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I am in Zone 9b and have 3 raised beds that I want to use during the winter season to produce something rather than leaving them idle (let me know if that is a good thing). Should I grow vegetables and if so which one's would be best? Would root vegetables like carrots, beet, ginger germinate and grow in this weather? How about vegetables like kale, broccoli, cauliflower, cabbage? If none of these are an option, should I just put fava beans so that I can harvest and use those to enrich my compost?

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    cover crops for 1 thing – black thumb Dec 1 '16 at 22:39
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    @blackthumb would you put cover crop in all 3 raised beds and skip growing veggies in winter? Looking for your experience – JStorage Dec 2 '16 at 0:25
  • grow a food cover crop like Portulaca oleracea in one, since it grows from root division, and will always be there. in another maybe some "wild lettuce", and clover. I'm not familiar with everything that could be good ground cover, so some people might be able to advise you on what to grow. also watch this video: youtube.com/watch?v=Hnq31mynSbk – black thumb Dec 2 '16 at 4:28
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Your zone is wonderful for growing anything...except for plants that hate periods of high heat. If you are able to ventilate and/or semi shade your garden you should be able to grow anything all year. Pretty much. Plants you will have difficulty with are fast to bolt crops, such as broccoli, cauliflower, spinach, mustards. Have you tried growing any crops in this zone? For your winter you should be able to grow peas, fennel, tomatoes, potatoes, the fast to bolt crops I just mentioned as long as the temperatures stay regular. Bolting is caused by drastic temperature change. Signalling the plant that it better reproduce because the environment has become unpredictable. I think this is the best time to grow kale and your brassicas. I haven't had the luxury to garden in your zone, lucky you. If you germinate your seed inside and then allow them to become starts to plant in your garden, you have to ACCLIMATE your starts before you plant. Have you had a soil test? pH is important to know to be able to group the plants you want to grow with other plants with similar needs...leafy/vegetative crops versus root crops versus fruit/reproductive crops. Potatoes need very acidic soil versus others needing a more neutral pH.

Here is a list of stuff you should get excited about; Vegetables...all of these should do just fine for your 'winter'...man, what was I thinking to move to ZONE 1B???? Asparagus needs 3 years before harvesting, but worth it. I actually have a crop surviving!!

Green onions Onions Asparagus Arugula Basil (do you have periodic frosts during winter)? Beets Bok Choy Broccoli Cabbage Carrots Cauliflower Corn Cucumbers (periodic frosts) Garlic Green Beans (periodic frosts) Leeks Onions Peppers (periodic frosts) Potatoes (don't worry about periodic frosts) Salad Mix Spinach (periodic frosts) Sweet Potatoes (periodic frosts) Tomatoes (periodic frosts) Winter Squash (periodic frosts) Zucchini (periodic frosts)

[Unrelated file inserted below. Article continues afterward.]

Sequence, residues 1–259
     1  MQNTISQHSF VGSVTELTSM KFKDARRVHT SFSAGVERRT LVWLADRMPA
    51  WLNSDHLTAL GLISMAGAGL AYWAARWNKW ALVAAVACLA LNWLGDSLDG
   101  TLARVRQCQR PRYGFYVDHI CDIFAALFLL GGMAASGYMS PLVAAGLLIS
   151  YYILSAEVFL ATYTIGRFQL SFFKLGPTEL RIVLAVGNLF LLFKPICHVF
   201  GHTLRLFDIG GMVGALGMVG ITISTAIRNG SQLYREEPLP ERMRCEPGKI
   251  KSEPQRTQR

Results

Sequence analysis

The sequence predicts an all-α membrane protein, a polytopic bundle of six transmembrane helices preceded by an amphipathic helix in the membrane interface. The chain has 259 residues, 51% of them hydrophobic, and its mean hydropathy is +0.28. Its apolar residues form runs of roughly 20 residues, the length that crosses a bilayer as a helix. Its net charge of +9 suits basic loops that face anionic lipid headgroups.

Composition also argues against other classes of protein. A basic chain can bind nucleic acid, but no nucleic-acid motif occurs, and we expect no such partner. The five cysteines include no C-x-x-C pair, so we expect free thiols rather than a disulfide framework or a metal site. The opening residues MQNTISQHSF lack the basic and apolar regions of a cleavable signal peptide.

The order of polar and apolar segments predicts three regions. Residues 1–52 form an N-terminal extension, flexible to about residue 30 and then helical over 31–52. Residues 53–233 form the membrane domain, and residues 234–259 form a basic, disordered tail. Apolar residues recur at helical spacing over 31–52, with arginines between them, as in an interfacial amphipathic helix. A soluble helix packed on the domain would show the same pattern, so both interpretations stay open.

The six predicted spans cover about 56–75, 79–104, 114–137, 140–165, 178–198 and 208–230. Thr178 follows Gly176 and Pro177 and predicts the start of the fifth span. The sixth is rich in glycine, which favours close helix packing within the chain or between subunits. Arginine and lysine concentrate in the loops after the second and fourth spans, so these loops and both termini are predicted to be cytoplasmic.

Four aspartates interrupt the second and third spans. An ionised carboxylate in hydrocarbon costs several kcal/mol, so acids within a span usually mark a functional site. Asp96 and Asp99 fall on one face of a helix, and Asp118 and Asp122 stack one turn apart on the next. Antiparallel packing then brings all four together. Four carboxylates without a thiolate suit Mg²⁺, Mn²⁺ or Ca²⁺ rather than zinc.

Periodic frosts could damage these plants. Periodic frosts are a microclimate thing. If your garden shows periodic frosts, do not plant these. Please make sure you plant starts if you have cold nights below 40 degrees F. Don't rely on germinating seed in the garden.

If you do have periodic frosts/freezes or temperatures that sometimes dip below 50 degrees F, go get some ROW CLOTH. This stuff IS A PLANT SAVER. Cheap, easy to cover your crops with and protects against huge temperature changes. Not only does it protect against temperature changes, it protects your brassicas from the cabbage fly/moth/larvae until they are able to be large enough to resist and/or the season for this insect is past. Also helps with flea beetle, allows rain water to get in, sun to get in, protects from wind damage and direct sun...

Hope this helps, please send more questions if necessary!!

  • I do get periodic frosts and hence the choices are quite limited. – JStorage Dec 1 '16 at 23:26
  • What is a 'frost' like to you and your clime? Have you grown vegetables here? Frosts are not a deal breaker for vegey gardens. I know because I have these FREEZES even in July and August!! Arggghhh. Row cloth will protect your plants by raising the ambient temperature 10-20 degrees. If I didn't have row cloth I'd have had zip for crops!! We will have a heated greenhouse this next spring but row cloth is a crop saver!! – stormy Dec 1 '16 at 23:48
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    Good idea reg. row cloth. Temp goes down to 30's and 40's so crops need protection. I grow veggies all other seasons. In winter it has been idle and last year I put cover crop. This year I want to make it productive and hence the question. – JStorage Dec 2 '16 at 0:24
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I'm south of you so my climate is colder but the Asian greens I planted for winter all bolted.

The only thing that did well were the faba beans. The last winter was mild so they just kept growing, and I had pretty white flowers at the end of winter. I've also had a large harvest of broad beans from them though the wind took out many as I didn't have enough stakes to support them all, and they get pretty tall. I'm keeping some uneaten so I can plant again in autumn.

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